Downconverting 30fps to 24fps yields ugly and unnatural motion blur, and this unfortuantely has been done for some BD concerts so they could market them as 1080p. Not only does this downconversion fail to reflect the original framerate, but it downright looks crappy in comparison to the original source framerate.

So 1080i is okay, as its the only way to deliver 30fps material on Blu-ray without destroying the original framerate. Don't rag on companies for delivering 1080i otherwise we will get framerate-compromised 1080p24 versions of what were originally 30fps films/concerts.
post #18 of 20
The HDD review has several errors. For one the Blu-ray version has exclusive feature. The
Blu-ray version is also missing a feature present on the DVD. I reviewed this title last week and mentioned it in my review.
post #19 of 20
Quote:
Originally Posted by Ruined View Post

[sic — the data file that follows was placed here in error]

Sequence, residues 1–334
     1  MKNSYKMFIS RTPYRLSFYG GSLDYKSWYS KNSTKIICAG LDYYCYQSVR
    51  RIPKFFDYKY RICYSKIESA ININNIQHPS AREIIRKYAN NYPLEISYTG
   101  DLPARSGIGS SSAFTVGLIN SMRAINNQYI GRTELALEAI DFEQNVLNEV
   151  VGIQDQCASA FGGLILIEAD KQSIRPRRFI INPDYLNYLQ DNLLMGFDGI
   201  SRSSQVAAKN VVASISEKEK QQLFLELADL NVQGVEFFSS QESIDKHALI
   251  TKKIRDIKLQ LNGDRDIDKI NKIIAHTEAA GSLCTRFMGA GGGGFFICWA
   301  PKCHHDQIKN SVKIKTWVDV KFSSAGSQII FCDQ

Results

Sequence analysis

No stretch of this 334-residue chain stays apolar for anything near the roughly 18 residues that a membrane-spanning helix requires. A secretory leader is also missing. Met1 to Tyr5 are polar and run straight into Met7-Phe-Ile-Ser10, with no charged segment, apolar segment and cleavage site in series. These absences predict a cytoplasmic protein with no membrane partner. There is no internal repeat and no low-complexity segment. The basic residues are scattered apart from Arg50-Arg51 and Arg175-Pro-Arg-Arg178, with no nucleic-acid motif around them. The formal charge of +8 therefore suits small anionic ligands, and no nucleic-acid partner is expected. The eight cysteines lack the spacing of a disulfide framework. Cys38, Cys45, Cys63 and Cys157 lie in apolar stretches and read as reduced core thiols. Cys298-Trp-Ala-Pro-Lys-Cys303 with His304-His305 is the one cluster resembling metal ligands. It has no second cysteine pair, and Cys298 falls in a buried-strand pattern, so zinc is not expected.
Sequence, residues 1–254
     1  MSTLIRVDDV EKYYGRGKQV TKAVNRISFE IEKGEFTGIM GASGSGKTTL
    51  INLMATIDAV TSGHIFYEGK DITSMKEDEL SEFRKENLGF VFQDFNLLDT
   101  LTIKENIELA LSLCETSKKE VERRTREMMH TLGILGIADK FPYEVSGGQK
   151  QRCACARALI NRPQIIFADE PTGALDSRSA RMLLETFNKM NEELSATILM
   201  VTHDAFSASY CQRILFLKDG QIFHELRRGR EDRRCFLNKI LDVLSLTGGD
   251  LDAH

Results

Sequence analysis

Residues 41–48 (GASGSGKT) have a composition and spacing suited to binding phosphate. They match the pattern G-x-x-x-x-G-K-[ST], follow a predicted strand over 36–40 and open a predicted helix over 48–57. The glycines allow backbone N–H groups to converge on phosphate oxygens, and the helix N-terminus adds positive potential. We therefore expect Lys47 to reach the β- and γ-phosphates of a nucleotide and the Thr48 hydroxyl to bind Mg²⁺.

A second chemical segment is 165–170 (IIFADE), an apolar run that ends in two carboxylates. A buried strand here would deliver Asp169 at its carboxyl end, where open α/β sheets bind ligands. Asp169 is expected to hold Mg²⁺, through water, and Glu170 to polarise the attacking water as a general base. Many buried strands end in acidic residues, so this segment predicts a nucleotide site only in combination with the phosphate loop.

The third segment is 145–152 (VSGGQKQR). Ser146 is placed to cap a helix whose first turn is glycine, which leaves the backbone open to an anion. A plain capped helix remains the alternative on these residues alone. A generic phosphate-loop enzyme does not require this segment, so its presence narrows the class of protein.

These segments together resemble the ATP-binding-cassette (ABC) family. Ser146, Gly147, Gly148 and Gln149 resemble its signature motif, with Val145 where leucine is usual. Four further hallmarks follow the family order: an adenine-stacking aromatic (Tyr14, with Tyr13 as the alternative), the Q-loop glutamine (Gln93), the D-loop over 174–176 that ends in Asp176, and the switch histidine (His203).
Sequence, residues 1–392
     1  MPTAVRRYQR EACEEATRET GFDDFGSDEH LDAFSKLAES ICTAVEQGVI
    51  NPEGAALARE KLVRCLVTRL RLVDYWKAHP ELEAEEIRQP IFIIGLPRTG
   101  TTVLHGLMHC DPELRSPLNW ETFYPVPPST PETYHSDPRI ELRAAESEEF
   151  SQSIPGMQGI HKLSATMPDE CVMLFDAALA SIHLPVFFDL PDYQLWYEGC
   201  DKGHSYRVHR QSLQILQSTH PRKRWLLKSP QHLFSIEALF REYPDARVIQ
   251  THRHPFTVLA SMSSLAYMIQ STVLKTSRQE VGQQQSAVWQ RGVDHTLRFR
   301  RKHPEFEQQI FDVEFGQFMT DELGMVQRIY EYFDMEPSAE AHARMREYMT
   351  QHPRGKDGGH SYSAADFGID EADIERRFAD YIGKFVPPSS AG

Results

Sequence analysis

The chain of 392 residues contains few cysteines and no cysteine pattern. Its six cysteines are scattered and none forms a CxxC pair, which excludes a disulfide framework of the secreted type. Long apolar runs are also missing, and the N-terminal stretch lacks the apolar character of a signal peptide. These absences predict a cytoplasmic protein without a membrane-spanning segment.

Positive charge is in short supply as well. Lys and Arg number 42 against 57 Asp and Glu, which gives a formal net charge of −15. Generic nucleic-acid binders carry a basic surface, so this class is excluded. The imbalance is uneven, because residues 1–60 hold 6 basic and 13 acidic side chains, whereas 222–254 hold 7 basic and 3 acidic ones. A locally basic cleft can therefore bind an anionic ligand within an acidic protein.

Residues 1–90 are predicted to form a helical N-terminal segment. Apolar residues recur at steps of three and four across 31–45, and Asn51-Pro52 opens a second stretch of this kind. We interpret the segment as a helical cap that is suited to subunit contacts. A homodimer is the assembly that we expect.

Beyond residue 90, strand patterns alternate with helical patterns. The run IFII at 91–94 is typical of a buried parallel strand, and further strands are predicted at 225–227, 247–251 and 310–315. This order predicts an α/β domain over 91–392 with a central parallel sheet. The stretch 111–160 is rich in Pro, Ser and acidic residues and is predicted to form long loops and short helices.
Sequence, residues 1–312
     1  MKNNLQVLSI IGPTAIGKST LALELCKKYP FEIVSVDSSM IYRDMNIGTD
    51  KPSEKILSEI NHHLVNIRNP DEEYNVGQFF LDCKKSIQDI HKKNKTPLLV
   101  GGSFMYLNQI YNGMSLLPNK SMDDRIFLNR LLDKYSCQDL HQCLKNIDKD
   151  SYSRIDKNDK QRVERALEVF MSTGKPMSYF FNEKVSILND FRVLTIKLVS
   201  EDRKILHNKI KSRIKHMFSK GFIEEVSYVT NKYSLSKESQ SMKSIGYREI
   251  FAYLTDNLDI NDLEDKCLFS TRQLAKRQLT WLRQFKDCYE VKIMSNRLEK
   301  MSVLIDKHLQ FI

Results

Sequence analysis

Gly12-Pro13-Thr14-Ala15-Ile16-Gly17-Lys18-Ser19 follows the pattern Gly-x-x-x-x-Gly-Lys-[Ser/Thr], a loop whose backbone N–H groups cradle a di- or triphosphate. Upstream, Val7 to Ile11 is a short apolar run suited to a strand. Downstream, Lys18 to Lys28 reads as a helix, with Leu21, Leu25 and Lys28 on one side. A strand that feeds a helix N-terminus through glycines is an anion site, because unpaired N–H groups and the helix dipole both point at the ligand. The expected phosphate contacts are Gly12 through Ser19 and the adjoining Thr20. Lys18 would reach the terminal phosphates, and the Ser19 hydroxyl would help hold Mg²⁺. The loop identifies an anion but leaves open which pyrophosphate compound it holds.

Don't rag on companies for delivering 1080i otherwise we will get framerate-compromised 1080p24 versions of what were originally 30fps films/concerts.

I don't know if you're responding to me or not, but I'm not ragging on 1080i. I'm merely pointing out that the HDD review is incorrect in saying it's 1080p, and also that this is a poor encode. The fact that it's 1080i is somewhat coincidental. As I stated earlier other 1080i encodes look much better than this.

Brandon
post #20 of 20
Quote:
Originally Posted by bplewis24 View Post

I don't know if you're responding to me or not, but I'm not ragging on 1080i. I'm merely pointing out that the HDD review is incorrect in saying it's 1080p, and also that this is a poor encode. The fact that it's 1080i is somewhat coincidental. As I stated earlier other 1080i encodes look much better than this.

No it was just a general post. I see a lot of people react negatively when they read something is 1080i, when they shouldn't if it is a documentary or a concert.